Figures similar to the following are coming to a slide show near you: “It has been estimated that Wal-Mart records more than 1 million customer transactions each hour, resulting in more than 2.5 petabytes of data being stored, the equivalent of 167 times the data stored in the Library of Congress. Facebook is reported to store 40 billion photographs. And an estimated 35 hours of video content is uploaded to YouTube every minute.”
This is interesting stuff, but it mixes apples and oranges. WalMart cranks out a lot of data – but it's structured data. We're talking about a lot of small things. But pictures and video are another matter. These are large, unstructured data objects – what I'd call genuine big data.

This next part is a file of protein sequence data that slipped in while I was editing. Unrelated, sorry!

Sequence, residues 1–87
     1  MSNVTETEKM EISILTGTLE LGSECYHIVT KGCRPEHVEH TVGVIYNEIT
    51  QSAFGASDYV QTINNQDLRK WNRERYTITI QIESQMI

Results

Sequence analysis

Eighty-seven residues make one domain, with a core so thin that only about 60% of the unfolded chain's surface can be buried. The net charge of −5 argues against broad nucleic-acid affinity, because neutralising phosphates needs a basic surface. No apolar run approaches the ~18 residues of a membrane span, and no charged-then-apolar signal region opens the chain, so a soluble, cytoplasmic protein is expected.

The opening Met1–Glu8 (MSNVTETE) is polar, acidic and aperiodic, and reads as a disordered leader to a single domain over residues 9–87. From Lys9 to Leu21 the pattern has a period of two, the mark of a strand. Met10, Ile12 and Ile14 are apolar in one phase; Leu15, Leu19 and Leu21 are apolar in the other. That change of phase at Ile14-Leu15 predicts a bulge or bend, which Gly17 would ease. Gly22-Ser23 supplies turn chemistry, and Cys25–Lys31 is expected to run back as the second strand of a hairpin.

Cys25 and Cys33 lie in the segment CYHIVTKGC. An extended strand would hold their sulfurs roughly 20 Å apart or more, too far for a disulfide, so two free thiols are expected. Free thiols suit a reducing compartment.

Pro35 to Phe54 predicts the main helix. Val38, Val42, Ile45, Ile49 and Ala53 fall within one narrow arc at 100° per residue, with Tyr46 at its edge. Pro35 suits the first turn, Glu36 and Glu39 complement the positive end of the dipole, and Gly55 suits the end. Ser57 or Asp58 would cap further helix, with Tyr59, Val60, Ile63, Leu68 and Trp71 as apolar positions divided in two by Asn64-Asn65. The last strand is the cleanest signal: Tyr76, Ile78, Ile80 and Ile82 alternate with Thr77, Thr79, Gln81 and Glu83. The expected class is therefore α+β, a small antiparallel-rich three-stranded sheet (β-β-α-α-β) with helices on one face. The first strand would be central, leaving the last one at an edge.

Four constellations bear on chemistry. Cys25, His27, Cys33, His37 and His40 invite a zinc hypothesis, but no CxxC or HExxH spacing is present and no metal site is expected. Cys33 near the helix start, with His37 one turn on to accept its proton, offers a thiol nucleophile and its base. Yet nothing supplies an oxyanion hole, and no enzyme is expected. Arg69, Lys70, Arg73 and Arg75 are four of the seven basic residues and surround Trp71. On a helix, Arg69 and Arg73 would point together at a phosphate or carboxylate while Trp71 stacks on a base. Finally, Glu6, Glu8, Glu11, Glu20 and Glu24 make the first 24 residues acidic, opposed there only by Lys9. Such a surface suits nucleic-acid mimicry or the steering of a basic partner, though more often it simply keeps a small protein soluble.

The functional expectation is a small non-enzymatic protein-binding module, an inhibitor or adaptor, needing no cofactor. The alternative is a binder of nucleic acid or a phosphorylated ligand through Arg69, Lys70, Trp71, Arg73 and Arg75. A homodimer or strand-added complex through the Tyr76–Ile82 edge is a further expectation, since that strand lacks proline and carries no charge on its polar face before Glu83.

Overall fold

Genuine big data poses novel problems of interpretation and combination. Pseudo big data – that is, large transaction volumes – might tax the processing capabilities of traditional databases, but it doesn't challenge the analysis model in the same way as unstructured data does.
So, when someone raises the problems of big data, it's worth asking whether they're talking about high volumes of structured data, unstructured data, or both. These are different topics and they call for different strategies. Big Data